A new wearable sensor tracks children’s movements and uses their body language to
Anxiety and depression plague millions of people in the US alone, and children are no exception.
Over seven percent of children in the US are estimated to have anxiety and some three percent struggle with depression.
But these estimates are likely low, as symptoms in children are different from those in adults and can be more difficult to detect.
Scientists at the University of Vermont are working on novel ways to diagnose children’s unique symptoms, including a new sensor and algorithm that translate the ways kids move into a clearer picture of their moods.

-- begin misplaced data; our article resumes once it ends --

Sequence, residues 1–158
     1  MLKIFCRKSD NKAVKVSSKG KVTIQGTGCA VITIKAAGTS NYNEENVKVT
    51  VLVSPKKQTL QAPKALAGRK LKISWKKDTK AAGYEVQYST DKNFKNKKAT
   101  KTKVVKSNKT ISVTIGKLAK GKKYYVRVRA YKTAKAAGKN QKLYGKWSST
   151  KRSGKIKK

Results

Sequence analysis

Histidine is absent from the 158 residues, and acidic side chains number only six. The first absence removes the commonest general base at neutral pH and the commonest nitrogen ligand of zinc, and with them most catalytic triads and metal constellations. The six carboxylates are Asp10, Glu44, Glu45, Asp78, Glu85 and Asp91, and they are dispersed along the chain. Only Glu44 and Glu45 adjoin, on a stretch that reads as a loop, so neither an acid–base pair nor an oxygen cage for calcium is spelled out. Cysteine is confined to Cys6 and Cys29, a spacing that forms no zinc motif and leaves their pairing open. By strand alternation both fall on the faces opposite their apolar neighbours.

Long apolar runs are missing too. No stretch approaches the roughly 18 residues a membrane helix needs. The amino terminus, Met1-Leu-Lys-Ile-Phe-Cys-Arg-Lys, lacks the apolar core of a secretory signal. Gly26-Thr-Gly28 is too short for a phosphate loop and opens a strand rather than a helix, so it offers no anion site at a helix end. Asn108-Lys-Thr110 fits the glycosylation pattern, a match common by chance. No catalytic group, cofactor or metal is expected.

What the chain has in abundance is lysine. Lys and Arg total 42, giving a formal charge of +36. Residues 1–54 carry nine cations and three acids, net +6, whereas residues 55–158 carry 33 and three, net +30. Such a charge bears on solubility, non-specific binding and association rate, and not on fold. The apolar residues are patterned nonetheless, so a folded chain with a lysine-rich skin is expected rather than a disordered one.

We know that adult diagnosis rates for disorders like anxiety and depression are low in part because we simply don’t want to talk about these feelings.
But young children don’t have the same language to do so – even if they wanted to.
So their signs of depression and anxiety come out in less obvious ways, and are sometimes mistaken for another illness or learning disability.
The proper therapies to treat each of these predicaments are very different from one another, so getting a correct diagnosis as quickly as possible is crucial to ensuring a child has a happy healthy life in front of them.
To do this, psychologists look to behavioral cues, but even then they’re getting a subjective view of one child at a time – not a comparison with what would be considered more typical actions.
So University of Vermont researchers created an algorithm to quantify which types of movements – tracked and logged by a wearable sensor – children make when they’re suffering anxiety or depression.
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